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Exploring Roman history in Narbonne, France

I spent a few weeks exploring Southern France while making my way to Barcelona. I spent 3 nights in Narbonne, a small town of about 56,000 people.

Journal date: October 26-29, 2022

Train from Carcassonne

The nice thing about traveling in Europe is that many places are connected by train, and you can just hop on one and get to a new town relatively easily. The distance between Carcassonne and Narbonne was only about 2 hours and a mere €5.00, and the hardest part was navigating the train stations with my luggage (stairs!).

Where I stayed

Narbonne is crazy expensive compared to other towns in this region, so I booked a hotel using Chase credit card points. I stayed 3 nights at Hotel La Residence for 26,073 points which was worth $325.92 USD equivalent. Score!

I booked a “comfort double room” which included a mini fridge and a hot water kettle; it was a really nice room, actually, and the view was of the street instead of the back of another building like I always seem to get when I book rooms with CC points.

Here’s a room tour video I took:

The only downside was that my room was right off the entrance hallway which is also where the reception desk was, so it was fairly noisy. However, the room had a double-door situation between the main door and the bedroom part, and that helped block sound.


I did all my sightseeing within walkable distance from my hotel, as I was basically in the middle of town anyway where all the cool historical stuff is. Narbonne is built around a canal system (the Canal du Midi, an UNESCO World Heritage Site shared with Toulouse and Carcassonne, among others) and so much of the tourist stuff is along that canal.

After a quick stop at the Tourist Office for a map (and to check for discounts!), I wandered around the neighborhood. I visited a few churches, some Roman ruins, and even a street market.

Cathédrale Saint-Just et Saint-Pasteur (Cathedral of Narbonne)

An unfinished Gothic cathedral constructed 1272-1340, with transept and a 40m-high choir (the tallest in France!), plus wonderful tapestries. Lots of interesting little things to see in this church, including the usual stained glass windows and old gravestones laid into the floor. The Weird, the Wonderful, and the Macabre in the Cathedral of Narbonne has an excellent overview of what exactly to look at when you visit; basically, if you’re a fan of Gothic cathedrals then this is one of the best ones to visit.

Click to enlarge the photos!

Basilique Saint-Paul

Another excellent Gothic style church (a basilica this time), the first built in Narbonne and sitting on top of the first bishop of Narbonne, Saint-Paul. You can visit the crypt below, which has tombstones from an early Christian cemetery (3rd-4th century!). Really neat place to visit, totally free entry.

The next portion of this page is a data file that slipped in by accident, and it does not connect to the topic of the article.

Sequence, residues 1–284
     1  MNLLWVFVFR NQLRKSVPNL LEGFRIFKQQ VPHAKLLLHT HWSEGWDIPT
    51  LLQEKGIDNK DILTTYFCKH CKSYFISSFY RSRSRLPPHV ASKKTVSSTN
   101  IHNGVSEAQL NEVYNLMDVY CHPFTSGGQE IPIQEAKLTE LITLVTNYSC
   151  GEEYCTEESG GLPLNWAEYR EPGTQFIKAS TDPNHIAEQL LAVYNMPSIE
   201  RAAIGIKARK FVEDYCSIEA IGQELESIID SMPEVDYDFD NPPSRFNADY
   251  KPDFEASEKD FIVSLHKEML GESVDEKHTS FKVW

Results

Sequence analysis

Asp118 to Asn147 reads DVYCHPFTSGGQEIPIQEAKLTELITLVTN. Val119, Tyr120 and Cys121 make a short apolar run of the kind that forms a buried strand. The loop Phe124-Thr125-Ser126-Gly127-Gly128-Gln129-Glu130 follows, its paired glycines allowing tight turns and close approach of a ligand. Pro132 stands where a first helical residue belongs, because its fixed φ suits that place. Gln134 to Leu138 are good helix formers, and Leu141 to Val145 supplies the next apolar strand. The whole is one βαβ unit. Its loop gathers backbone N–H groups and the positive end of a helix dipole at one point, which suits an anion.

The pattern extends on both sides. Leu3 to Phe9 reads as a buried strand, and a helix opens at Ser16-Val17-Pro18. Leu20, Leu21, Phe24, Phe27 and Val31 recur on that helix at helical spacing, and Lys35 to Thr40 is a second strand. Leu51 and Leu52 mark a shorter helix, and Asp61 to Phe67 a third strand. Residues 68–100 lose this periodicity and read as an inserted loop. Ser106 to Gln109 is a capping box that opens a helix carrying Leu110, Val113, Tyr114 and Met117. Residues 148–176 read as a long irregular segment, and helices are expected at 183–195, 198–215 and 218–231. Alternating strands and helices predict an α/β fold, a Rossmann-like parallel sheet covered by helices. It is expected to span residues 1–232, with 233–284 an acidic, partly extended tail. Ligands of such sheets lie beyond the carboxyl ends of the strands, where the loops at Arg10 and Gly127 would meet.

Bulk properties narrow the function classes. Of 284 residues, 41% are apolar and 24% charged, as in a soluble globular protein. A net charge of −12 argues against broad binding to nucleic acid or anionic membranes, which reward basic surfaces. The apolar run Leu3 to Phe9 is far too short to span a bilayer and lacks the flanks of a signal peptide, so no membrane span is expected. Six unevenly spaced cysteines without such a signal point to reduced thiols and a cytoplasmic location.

The inside of the church is run down and needs renovating, but it’s still beautiful to look at. Click to enlarge the photos!

La Via Domitia & Narbonne city

There’s lots of random ancient Roman things hiding in Narbonne, but some of the easiest to find are the section of the Via Domitia and the stuff at the museum.

The Via Domitia was the first Roman road built in Gaul, made to link Italy to Hispania. It passed through Narbonne and a section of it was left exposed in the Place de l’Hôtel de Ville.

The Roman Granary Museum (entrance fee €5) has a tour you can take through the subterranean warehouse system, but if you’re super cheap or just claustrophobic, you can view some Roman artifacts placed just outside the museum doors.

Walking around Narbonne is really fun because of all the beautiful architecture, the canal and the random bits of history you run into. Click to enlarge the photos!

Street Art

Narbonne actually has some wonderful modern street art decorating its buildings! I was pleasantly surprised with what I found here. Click to enlarge the photos!

Is it worth visiting Narbonne?

Despite how much I enjoyed my stay, I do think Narbonne is probably only a one day stop on a longer touring plan. It’s definitely good for a day trip, or if you’re doing a short tour of Southern France. The most interesting part is the Roman history, but there’s not enough to stay overnight (in my opinion), especially considering how expensive the hotels are. There’s some beach stuff and a nearby abby (Abbaye de Fontfroide) which might be worth visiting as well.

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Anastasia is a former librarian turned digital nomad. She's been traveling the world full time for two years and has visited 18 countries so far! Just Gone Wandering is a travel resource for solo female travelers on a backpacker's budget-- or slightly more-- and highlights amazing places to visit as well as providing tips and tricks for traveling smart and frugal. Read more...

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